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July 2017, vol 13 no 2

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Sonam Chhoki


Featured Writer

Advice for New Writers

The CHO Editors asked me to include some advice to new writers. Here are a few points I keep in mind when I write.

1. Title.

Ray Rasmussen (2010), Roberta Beary (2011) and Jean Zimmerman (2013) have written quite comprehensively about the role of the title in haibun. In Japan it is “not a traditional requisite” for haibun to have a title. (Stephen Gill quoted by Zimmerman 2013) There are English language haibun with “untitled”. However, if we are to use a title, it shouldn’t be an afterthought, just something stuck on for the sake of it. The title is an opportunity for a writer to be inventive, to lead, misdirect, hint or tease and make a haibun distinctive.

2. Language

Here we tread a precarious path. Although brevity is the quintessential feature of haibun, we must avoid the use of language so truncated that it has no coherence whatsoever. On the other hand, we should heed Ezra Pound’s caution about how affectations of word and metre make language a “barbed wire”, impenetrable and off-putting.

3. Criticism

Don’t be precious about your writing. TS Eliot, the poet and literary critic, argued it is a fallacy that in subjecting our work to criticism, we lose our individual voice. He advised, ‘practise and practise the art . . .”

Why I Write Haibun and Examples:

Of all the Japanese short forms, I seem to gravitate towards the haibun. The combination of sparse prose and accents of thought or emotion in the accompanying poem reminds me of the Bhutanese oral Lö-zey tradition. In the Lö-zey narrative the evocation of a landscape, the court of the local potentate, a monastery or a battle are intertwined with lines of heightened emotional reckoning by the protagonists. Another example is the invocations of the local oracles, which again have physical descriptions of the guardian deities and the valleys interlaced with avowal of propitiation and renewal of bond.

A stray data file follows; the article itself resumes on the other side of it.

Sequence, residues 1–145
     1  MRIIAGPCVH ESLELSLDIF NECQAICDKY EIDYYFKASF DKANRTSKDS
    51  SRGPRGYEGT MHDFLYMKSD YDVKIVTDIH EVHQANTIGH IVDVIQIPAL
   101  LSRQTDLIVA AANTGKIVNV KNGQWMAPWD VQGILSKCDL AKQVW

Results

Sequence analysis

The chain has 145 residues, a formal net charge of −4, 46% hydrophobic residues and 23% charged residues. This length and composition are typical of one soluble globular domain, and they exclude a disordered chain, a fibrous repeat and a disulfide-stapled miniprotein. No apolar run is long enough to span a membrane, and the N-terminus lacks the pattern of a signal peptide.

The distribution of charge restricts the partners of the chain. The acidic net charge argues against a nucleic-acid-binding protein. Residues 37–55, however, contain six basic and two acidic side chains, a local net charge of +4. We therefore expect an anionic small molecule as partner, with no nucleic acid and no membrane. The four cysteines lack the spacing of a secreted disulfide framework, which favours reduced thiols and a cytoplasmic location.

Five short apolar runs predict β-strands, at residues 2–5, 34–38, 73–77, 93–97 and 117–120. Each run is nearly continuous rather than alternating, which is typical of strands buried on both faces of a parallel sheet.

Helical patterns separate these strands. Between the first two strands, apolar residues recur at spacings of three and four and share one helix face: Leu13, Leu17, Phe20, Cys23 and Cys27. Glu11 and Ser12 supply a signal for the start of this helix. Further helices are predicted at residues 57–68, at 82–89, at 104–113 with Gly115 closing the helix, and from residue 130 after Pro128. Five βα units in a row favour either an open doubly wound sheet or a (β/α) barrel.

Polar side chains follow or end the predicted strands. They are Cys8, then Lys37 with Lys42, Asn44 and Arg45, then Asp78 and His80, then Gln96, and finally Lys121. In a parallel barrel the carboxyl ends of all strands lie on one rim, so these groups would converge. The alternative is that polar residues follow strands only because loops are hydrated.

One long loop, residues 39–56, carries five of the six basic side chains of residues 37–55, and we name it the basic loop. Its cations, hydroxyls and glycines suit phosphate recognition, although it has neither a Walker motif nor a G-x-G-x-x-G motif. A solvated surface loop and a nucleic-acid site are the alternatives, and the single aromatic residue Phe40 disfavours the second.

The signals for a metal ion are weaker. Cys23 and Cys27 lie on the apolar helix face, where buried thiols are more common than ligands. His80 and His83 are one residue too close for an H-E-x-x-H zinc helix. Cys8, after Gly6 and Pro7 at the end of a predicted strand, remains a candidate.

The cut-to-the-bone style of the haibun seems ideal in writing about experiences that are raw and intimate. I discovered its potential for exploring grief in its myriad phases.

Obituary for Vanished Hope

Like the Snow Lotus in the mountain wind you’ve gone.

That dawn, unable to sleep, I tiptoed to the veranda stippled by gossamer rifts of the moon. I felt you for the first time. Your nascent warmth seeped to my cold fingers. No scan could have picked you then. My heart beat to a new rhythm.

Did the gods envy our un-shareable love? They sought their malicious revenge. You bled from my womb.

December rain—
a single acer leaf floats
to the heap below

A Hundred Gourds 3:2 March 2014

Another aspect of haibun that I find appealing is how the condensed form offers the possibility to elide multiple realities and interpretations of seemingly familiar situations.

How to Retrieve Meaning

Drifting in and out of anesthetics I return to the mountains of my valley hovering like the last traces of cloud the fierce winter sun burns away. The oracle, whose songs healed me in childhood, stands on a snowy crest gathering the seeds of stars in her lacquer bowl. She casts her ivory dice into the sky in a swirl of indecipherable patterns. I wake up pleading.

sirens through the night moth in a jar

Otata13-January 2017

Biography and Acknowledgments:

Born and raised in the eastern Himalayan kingdom of Bhutan, Sonam Chhoki finds that the Japanese short form poetry resonates with her Tibetan Buddhist upbringing. She is inspired by her father, Sonam Gyamtsho, the architect of Bhutan's non-monastic modern education. Her works have been published in poetry journals and anthologies in Australia, Canada, Germany, Ireland, Japan, UK and US and also in the 2012 Olympics Poetry Parnassus and The Written Word Program BBC Radio Scotland. She is the principal editor and co-editor of haibun for the United Haiku and Tanka Society journal, cattails.

I’m grateful to the editors who have published my haibun over the years, particularly Mike Montreuil (haibun editor, A Hundred Gourds) and John Martone (Otata) for their support, which has helped me to be more assured about writing from within a little known cultural context. Grateful thanks also to Stephen H Gill (Kikakuza and Genjuan International Haibun Contests), whose perceptive and thoughtful critique has inspired and encouraged me.


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